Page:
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SARS-CoV-2 infection complicated by intrahepatic cholestasis of pregnancy

02 November 2021
Volume 29 · Issue 11


This article reports a case of SARS-CoV-2 infection complicated by intrahepatic cholestasis of pregnancy in the second trimester in a South Asian woman. She presented with itchiness and grossly elevated bile acid following SARS-CoV-2 virus infection. Her cholestasis resolved in parallel with her infection while she was being treated with ursodeoxycholic acid. Bile acid is considered harmful to a developing fetus and is associated with adverse pregnancy outcomes, particularly stillbirth. Ursodeoxycholic acid is still commonly used in the treatment of these patients despite controversy about its value. It has anti-inflammatory properties and there have been suggestions that this could benefit patients with SARS-CoV-2. Elevated levels of primary bile acids (cholic and chenodeoxycholic acid) are considered harmful to a developing fetus, and are associated with adverse pregnancy outcomes, in particular, stillbirth. The secondary bile acid, ursodeoxycholic acid, is thought to be beneficial by reducing cholesterol production in the liver. This clinical case study highlights a diagnostic enigma in the management of this unique clinical case presentation.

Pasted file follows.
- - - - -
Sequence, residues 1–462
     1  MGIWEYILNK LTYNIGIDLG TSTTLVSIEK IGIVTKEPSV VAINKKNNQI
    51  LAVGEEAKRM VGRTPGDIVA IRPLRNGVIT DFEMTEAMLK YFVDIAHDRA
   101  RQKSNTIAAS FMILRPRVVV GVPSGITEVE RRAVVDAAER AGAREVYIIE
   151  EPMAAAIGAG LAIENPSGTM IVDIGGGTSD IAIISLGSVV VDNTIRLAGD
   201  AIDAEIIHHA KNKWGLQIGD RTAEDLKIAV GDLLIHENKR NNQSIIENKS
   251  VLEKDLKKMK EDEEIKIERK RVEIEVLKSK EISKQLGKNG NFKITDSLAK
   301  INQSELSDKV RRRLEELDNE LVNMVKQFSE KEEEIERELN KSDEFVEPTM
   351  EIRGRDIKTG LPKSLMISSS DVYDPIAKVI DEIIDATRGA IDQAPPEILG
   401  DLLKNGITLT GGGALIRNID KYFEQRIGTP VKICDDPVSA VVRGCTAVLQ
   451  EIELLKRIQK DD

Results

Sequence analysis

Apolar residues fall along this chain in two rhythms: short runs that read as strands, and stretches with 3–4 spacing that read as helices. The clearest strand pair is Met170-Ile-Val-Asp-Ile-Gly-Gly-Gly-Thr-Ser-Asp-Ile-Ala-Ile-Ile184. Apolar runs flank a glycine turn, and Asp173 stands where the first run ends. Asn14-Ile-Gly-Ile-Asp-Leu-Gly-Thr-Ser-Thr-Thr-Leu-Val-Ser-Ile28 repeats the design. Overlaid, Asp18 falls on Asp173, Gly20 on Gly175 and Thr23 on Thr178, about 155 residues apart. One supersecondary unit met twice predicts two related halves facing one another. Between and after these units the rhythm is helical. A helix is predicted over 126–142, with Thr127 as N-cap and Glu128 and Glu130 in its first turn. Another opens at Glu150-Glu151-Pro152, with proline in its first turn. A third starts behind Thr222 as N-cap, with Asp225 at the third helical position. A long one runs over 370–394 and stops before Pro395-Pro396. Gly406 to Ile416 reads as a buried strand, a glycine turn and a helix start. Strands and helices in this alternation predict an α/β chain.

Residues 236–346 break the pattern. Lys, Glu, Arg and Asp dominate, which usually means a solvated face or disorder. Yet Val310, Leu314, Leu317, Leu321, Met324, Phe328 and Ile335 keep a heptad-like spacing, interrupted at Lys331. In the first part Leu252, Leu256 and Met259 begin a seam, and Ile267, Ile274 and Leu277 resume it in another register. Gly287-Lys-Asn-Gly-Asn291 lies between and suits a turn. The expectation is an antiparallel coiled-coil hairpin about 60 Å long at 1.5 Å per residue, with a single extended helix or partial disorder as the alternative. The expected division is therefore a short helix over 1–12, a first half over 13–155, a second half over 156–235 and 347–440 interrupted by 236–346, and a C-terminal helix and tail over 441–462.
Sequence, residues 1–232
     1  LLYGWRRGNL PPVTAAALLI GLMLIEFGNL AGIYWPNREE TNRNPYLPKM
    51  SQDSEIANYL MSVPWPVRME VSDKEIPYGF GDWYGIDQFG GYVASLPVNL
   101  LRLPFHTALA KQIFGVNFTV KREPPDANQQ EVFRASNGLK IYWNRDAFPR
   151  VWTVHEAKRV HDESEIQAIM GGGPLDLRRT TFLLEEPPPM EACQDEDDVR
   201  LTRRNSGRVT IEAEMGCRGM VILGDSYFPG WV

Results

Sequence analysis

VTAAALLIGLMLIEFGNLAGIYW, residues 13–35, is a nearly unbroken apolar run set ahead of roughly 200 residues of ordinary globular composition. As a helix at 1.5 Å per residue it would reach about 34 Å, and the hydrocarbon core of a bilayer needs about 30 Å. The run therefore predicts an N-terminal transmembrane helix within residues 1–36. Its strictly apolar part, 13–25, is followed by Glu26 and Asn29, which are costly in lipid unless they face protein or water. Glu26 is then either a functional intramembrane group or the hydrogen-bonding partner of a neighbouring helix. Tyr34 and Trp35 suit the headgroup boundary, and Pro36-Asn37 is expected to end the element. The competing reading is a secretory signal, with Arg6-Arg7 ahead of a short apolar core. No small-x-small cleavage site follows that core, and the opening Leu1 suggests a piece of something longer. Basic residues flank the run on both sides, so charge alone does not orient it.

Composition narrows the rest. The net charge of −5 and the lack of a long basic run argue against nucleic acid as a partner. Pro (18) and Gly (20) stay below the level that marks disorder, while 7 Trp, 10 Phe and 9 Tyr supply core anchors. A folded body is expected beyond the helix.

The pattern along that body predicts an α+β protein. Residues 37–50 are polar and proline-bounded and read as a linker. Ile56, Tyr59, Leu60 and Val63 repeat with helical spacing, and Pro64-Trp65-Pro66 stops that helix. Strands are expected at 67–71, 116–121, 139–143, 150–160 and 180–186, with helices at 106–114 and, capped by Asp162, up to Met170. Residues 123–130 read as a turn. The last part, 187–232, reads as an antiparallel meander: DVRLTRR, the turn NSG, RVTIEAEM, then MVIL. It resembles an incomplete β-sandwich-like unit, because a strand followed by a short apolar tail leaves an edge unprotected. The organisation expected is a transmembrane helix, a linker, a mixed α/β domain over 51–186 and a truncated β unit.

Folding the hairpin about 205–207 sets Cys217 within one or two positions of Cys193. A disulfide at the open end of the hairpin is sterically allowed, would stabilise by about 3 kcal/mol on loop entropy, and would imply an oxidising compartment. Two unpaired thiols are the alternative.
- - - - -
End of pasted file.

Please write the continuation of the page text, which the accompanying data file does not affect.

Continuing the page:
SARS-CoV-2 is a virulent pathogen that first emerged in December 2019 in the Hubei province of China. This virus causes severe acute respiratory syndrome and the associated illness was termed coronavirus disease 2019 (COVID-19) by the World Health Organization (2021). As a result of the virulence of this disease and the global movement of infected people, COVID-19 quickly became a global pandemic and crisis (European Centre for Disease Prevention and Control, 2021).

Patients with COVID-19 have exhibited a wide spectrum of clinical presentations, including fever, respiratory symptoms, and extra-respiratory manifestations, such as thrombotic complications (Ahmed et al, 2020). To date, there is no robust evidence linking SARS-CoV-2 viral infection and the symptom of itching (Ahmed et al, 2020; Lai et al, 2020; Stefaniak et al, 2020).

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